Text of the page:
Message Boards

Guidelines

  • Please be sure posts are category appropriate.
  • No off-topic or off-color postings.
  • Postings may be deleted at the discretion of HGTV Moderators.
  • No advertising is allowed.
  • Be Nice. No name calling, personal attacks or flaming.
  • Certain words will trigger moderation of the post. These words mostly cover political and religious topics, which are OFF the topics covered by HGTV.
  • For general message board help, click the tab labeled "Tools," and choose "Help" from the dropdown menu.
Full Guidelines

  HGTV.com
  HGTV Message Boards
Hop To Forum Categories   At Home
Hop To Forums   Food & Entertaining
  Make-Ahead Dishes
Go
New
Find
Notify
Tools
Reply
  
Make-Ahead Dishes Sign In/Join 
Picture of Seaborne
posted
I'm often gone to meetings during the early evening hours - eating later with friends. But I like to prepare a meal for my DH before I go. However, we normally eat late - 7:30 to 8:00 PM - so if I'm leaving at 5:30 - the food needs to have been cooked and left under refrigeration until my DH can reheat it. And he does this willingly - and will reheat for two days in a row. In the colder months, stews and chili and other hearty one-pot dishes are easy. But in the summer months, it becomes more of a problem. And in the Seattle area in older homes, we do not have A/C - and the temps can get up into the high 80's - sometimes 90's (like it di this past week) and cooking in the kitchen at the dinner hour is just too uncomfortable. And we are not great outdoor grillers, either. Any ideas?


Seaborne
 
Posts: 980 | Location: Pacific Northwest | Registered: Nov 01, 2005Reply With QuoteReport This Post
Picture of Grapefruit
posted Hide Post
I am often in the same situation! In the winter it is easy. During the warmer months I often make a large salad that he can eat, often with some bread....or in tonight!s case, he is going to bring one of those ready made chickens home from the grocery store. He will add that to his salad,and I will use the leftovers to make chicken salad sandwiches.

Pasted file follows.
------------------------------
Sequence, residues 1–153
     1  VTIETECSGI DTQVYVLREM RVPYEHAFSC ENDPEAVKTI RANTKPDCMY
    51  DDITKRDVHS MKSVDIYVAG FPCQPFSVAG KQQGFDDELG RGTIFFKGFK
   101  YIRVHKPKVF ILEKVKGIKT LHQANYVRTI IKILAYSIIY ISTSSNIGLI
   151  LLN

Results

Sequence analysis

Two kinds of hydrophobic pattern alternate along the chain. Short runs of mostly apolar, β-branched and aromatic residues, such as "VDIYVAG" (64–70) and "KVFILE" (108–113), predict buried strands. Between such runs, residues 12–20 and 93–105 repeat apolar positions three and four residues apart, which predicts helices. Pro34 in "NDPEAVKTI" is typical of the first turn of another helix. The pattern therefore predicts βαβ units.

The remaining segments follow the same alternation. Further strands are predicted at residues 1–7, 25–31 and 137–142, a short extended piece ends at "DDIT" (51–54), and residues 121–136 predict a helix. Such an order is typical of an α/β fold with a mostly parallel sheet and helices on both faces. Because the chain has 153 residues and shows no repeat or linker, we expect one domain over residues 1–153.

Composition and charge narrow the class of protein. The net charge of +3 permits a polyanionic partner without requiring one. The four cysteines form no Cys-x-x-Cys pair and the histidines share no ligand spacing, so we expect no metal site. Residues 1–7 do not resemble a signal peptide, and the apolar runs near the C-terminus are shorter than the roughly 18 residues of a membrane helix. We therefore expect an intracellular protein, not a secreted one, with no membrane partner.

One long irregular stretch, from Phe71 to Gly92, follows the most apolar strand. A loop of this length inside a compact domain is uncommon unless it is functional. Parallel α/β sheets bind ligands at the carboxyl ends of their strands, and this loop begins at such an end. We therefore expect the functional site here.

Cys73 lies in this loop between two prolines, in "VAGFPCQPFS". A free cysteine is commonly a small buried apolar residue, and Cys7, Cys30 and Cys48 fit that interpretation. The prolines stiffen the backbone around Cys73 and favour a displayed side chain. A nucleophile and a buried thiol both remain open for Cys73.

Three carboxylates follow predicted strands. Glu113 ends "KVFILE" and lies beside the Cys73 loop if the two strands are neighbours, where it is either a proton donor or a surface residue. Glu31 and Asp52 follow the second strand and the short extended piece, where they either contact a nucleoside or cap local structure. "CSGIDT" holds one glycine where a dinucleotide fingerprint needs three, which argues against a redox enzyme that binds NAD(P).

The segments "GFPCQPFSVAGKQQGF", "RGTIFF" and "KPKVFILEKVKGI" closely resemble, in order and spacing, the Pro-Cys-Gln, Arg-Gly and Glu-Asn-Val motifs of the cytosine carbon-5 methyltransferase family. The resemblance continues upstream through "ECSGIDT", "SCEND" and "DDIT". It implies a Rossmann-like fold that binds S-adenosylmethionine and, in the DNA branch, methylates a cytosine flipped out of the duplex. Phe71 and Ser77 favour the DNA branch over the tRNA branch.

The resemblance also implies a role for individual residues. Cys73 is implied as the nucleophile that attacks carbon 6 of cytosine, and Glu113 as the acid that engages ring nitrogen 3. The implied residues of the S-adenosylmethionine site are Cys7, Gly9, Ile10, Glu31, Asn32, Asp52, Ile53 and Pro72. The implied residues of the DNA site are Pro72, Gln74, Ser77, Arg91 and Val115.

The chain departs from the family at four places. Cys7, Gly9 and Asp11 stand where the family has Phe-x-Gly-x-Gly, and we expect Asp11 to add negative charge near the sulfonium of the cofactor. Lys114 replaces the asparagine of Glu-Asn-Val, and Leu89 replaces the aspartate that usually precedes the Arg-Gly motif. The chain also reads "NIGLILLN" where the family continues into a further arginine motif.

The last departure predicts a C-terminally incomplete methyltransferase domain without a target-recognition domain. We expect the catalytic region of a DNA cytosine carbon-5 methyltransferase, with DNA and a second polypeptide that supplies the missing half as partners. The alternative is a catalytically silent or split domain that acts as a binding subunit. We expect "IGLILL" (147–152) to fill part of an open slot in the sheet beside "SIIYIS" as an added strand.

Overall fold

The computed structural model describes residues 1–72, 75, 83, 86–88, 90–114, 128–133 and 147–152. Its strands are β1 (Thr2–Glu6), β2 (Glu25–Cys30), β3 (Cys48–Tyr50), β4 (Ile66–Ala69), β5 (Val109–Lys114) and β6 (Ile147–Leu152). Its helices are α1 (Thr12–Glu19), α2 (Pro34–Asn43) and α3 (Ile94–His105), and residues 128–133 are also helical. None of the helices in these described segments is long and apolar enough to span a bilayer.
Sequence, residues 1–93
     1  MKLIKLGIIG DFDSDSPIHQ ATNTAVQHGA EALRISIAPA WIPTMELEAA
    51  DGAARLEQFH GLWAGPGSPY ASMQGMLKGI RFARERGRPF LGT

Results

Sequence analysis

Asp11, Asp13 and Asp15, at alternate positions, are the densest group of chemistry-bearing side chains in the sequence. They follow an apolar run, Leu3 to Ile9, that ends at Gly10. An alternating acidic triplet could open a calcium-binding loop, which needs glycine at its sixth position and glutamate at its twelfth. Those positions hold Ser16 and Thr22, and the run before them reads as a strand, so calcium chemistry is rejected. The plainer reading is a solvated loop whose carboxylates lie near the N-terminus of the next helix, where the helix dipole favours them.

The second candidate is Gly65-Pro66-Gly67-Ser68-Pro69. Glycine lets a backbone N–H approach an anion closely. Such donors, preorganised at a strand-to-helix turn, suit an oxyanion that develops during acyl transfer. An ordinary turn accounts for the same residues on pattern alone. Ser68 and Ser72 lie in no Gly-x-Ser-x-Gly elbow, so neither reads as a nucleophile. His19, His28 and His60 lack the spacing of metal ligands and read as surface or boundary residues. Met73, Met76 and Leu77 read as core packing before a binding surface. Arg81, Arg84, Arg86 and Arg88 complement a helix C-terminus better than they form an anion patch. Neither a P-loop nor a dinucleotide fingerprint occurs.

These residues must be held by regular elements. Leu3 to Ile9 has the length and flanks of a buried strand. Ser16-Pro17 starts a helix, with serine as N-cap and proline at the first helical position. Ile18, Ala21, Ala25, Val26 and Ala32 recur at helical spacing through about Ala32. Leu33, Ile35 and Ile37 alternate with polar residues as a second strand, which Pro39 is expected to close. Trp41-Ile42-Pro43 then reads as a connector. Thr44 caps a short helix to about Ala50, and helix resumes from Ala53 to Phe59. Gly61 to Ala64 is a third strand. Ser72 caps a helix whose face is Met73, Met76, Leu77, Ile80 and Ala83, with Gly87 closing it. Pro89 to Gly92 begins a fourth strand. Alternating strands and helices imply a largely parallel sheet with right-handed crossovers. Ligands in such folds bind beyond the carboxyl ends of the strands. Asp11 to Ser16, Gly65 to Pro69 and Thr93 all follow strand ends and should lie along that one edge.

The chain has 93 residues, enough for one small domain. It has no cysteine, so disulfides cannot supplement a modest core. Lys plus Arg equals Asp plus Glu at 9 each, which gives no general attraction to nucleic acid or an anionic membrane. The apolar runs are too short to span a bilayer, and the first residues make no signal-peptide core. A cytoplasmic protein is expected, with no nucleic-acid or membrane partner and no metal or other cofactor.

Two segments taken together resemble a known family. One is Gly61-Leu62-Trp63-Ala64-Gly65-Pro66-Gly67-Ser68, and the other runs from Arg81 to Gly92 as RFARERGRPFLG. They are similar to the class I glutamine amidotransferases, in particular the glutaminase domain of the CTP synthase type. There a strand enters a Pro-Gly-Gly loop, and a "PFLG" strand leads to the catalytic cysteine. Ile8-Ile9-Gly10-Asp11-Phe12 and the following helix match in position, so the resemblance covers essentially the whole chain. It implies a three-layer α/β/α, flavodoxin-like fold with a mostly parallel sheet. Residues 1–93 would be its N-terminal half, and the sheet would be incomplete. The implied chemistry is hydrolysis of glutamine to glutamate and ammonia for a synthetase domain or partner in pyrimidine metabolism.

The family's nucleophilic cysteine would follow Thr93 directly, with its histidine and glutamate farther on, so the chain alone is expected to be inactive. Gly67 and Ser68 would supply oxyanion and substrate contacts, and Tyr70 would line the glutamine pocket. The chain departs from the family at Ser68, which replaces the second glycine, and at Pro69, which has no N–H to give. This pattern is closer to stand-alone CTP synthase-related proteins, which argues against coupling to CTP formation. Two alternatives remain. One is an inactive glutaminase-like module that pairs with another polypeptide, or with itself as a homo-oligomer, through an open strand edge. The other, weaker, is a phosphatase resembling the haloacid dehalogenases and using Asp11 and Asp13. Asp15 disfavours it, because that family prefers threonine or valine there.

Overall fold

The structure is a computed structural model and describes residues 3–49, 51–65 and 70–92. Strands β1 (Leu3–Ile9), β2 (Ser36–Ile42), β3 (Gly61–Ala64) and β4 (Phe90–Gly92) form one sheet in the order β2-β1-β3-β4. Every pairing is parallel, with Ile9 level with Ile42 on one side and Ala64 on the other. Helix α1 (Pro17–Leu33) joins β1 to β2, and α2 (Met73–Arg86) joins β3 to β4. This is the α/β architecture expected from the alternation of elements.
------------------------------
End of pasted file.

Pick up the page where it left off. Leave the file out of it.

I usually have a fruit salad ready, too.

Other times I make a batch of hamburg barbecue. I keep it in the frig, he puts a "blob" on a hamburger roll, wraps it in a paper towel and nukes it for 45 seconds. It comes out perfectly. He can then make as many as he wants.
 
Posts: 3033 | Location: central PA | Registered: Jan 08, 2007Reply With QuoteReport This Post
Picture of Seaborne
posted Hide Post
Yes, making a meat mix of some kind for a sandwich is a good idea, either already cooked or not. I do that with pork quite often. And I also make ground turkey patties ahead - and refrigerate. Then, he likes to cook one or two of them - and I pre-slice an onion which he cooks at the same time. DH will cook some simple things - like a small filet mignon or lamb chops.


Seaborne
 
Posts: 980 | Location: Pacific Northwest | Registered: Nov 01, 2005Reply With QuoteReport This Post
Picture of Froo Froo
posted Hide Post
Take advantage of seasonal veggies and fruits via salads. There are TONS of recipes for them and they are healthy and nutritious. You can grill or bake chicken in advance to add to some or use canned tuna or beans for protein. Sandwich spreads can also be made in advance and using a processor to make them ensures a quick task. You can make a chicken or turkey spread. Add herbs and spices so they are never dull. Pulled pork is a breeze when made in a crockpot and your kitchen isn't overheated. Develed ham can be concocted from ham steaks that you process, then add mayo, some mustard, some chopped onion, some pickle relish and a touch of hot sauce. That is one of DH's favorites. Leftover beef roast can make for a hot or cold manly sub. The standard picnic fare is always popular...baked beans, a pasta salad, coleslaw (vinegar être or mayo bases)' potato salad. He can boil cob corn in just 10mins. Summer casseroles can be made ahead and divided into single serving containers then frozen. Crab cakes are another family favorite.
 
Posts: 18386 | Location: Right here, duh! ;) | Registered: Nov 03, 2005Reply With QuoteReport This Post
Picture of Lurah
posted Hide Post
Some of our hot day menu favorites are BLT's; fruit plates with cottage cheese or yoghurt and banana bread, cinnamon toast or a fruit muffin;
gazpacho, stir fry dishes, Chef's salads.

We like breakfast for dinner, quiche, fried egg & egg salad sandwiches, homemade sub sandwiches (for individual ones I use hoagie or brat buns.)

Fresh veggies of the season to excess, such as more than just a few ears of corn on the cob and 1/2 a bologna sandwich per person (to say we had some protein.)

And some evenings I bet a big bowl of ice cream with some fresh fruit would be refreshing except I can't tolerate icy foods down my throat! but DH can!

DS2 just moved to the Pacific coast, I didn't know A/C was not the norm out there. I'm pretty dependent on the dehumidified air at home.
Noticed you folks have been unseasonably HOT lately. Hope it breaks soon.
 
Posts: 2639 | Location: Midwest | Registered: Nov 29, 2007Reply With QuoteReport This Post
Picture of nance425
posted Hide Post
Seaborne - does your DH like pasta salads? This will last for about 2 days or more if you leave out the nuts. You can always add more chicken than it calls for:

Poppy Seed Chicken Pasta Salad - American Profile magazine

12 ounces bowtie pasta, cooked
2 cups chopped cooked chicken
6 oz pkg dried cranberries
1/2 cup finely chopped celery
1/4 cup chopped green onion
3 oz slivered almonds OR 1/2 c walnuts, toasted